Before schools can qualify for federal funding, including through federal student loans, schools must sign contracts with the Department of Education (ED) known as Program Participation Agreements (PPAs). PPAs are designed to ensure that federal taxpayer money only flows to schools that follow the rules of the road. By signing these contracts, schools agree to comply with the statutory and regulatory requirements of the Higher Education Act (HEA), the law governing federal education programs and funding.
If schools make false representations about accreditation and job placement numbers, they are violating the terms of their PPA. ED has the ability to exercise accountability provisions included in PPAs to deny these schools future access to federal funding.
Additionally, the government, private individuals, and whistleblowers can protect taxpayers under the federal False Claims Act—holding these schools accountable in court when they take federal dollars they were never meant to receive. When schools break the terms of their PPAs by deceiving students and illegally accept federal funds, they should have to return the money.
That’s not how it usually goes, however. Although it could be a powerful tool to protect students from these predatory schools, the False Claims Act is not being used to its full potential.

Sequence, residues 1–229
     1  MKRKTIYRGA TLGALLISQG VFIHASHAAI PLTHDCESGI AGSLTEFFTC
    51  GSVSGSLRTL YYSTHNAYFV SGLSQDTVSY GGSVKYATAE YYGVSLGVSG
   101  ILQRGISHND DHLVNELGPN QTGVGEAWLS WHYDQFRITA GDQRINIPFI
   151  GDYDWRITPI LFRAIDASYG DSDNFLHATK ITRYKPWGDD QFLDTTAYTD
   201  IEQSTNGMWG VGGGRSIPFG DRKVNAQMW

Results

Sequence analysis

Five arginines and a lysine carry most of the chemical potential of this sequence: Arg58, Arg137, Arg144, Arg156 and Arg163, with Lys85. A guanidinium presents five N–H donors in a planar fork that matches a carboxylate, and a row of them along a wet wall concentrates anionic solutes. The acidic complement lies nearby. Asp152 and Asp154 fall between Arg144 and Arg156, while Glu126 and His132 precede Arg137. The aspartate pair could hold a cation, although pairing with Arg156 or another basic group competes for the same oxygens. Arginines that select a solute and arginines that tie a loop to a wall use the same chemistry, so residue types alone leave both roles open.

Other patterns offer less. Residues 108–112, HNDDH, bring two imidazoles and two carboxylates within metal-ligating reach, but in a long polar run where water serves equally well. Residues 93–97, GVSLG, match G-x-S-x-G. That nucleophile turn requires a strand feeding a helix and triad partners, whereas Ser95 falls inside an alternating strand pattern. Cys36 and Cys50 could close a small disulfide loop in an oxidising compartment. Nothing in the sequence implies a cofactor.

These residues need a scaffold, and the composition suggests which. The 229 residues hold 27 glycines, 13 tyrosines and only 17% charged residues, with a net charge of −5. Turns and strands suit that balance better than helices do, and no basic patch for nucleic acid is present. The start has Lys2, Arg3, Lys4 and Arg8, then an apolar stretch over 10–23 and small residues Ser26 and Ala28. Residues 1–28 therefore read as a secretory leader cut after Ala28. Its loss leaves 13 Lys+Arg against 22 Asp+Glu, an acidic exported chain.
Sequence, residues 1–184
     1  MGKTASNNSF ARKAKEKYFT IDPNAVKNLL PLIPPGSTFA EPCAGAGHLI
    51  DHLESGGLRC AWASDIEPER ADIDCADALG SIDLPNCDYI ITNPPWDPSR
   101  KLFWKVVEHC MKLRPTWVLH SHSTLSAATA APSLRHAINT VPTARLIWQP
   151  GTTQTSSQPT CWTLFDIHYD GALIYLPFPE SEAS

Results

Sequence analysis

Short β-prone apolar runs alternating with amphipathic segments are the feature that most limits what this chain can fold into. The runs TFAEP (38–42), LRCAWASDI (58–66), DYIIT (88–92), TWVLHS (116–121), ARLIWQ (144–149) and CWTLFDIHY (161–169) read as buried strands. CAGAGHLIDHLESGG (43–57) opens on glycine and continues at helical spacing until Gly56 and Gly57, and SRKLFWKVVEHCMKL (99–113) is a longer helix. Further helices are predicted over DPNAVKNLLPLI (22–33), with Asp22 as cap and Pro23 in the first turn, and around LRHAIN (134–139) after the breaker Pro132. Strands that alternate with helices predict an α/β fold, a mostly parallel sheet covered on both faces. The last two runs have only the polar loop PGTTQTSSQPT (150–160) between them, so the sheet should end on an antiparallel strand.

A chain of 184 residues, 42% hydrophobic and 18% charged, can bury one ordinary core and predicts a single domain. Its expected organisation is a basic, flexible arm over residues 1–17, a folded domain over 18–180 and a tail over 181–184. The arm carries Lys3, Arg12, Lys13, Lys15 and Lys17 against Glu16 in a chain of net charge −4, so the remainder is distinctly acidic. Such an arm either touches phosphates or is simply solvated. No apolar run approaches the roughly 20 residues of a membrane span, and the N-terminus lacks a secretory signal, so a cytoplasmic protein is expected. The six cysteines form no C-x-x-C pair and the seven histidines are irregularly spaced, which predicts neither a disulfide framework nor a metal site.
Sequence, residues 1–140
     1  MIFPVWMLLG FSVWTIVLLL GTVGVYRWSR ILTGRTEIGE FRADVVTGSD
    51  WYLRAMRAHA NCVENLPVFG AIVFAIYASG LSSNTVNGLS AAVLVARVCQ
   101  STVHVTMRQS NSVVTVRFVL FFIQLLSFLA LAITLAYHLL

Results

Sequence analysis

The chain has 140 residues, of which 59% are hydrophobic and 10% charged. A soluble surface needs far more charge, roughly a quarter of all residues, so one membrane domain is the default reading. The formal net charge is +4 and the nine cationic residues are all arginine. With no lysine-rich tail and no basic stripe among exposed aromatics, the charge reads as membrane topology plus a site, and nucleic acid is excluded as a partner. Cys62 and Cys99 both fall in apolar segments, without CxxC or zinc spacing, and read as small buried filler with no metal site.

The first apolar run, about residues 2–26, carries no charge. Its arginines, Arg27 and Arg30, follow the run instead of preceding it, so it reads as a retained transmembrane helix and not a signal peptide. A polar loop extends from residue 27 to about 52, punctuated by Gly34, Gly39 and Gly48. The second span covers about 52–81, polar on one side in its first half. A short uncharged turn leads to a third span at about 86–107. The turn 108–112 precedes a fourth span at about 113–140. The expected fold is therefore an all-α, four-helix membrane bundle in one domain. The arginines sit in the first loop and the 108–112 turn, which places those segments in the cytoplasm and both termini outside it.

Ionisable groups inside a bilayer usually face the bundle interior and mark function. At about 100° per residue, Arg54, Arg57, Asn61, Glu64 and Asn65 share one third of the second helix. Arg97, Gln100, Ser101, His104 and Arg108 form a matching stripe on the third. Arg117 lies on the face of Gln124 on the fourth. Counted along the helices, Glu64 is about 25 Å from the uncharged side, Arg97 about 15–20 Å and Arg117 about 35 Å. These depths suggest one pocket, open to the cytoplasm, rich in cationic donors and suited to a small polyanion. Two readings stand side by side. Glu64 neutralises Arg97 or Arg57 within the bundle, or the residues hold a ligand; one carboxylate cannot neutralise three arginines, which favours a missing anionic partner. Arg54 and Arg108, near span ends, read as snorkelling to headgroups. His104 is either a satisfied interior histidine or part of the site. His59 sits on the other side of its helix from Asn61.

That is because, in order to successfully hold schools accountable in court for lying to students and taxpayers about important factors like job placement rates, accreditation, or paying their recruiters to bring in new students, the federal government and victimized students must show that any false statements made were actually “material” to the government’s decision to give them money. In other words, the government has to show evidence that they would have cut off a school’s access to federal aid based on a false claim. That has historically been very hard to prove.
“Material” is a legal term that is so vague as to be almost useless. If, for example, a school tells prospective students that it is accredited when it is not, does a court know if ED would continue to provide that school funding and loans?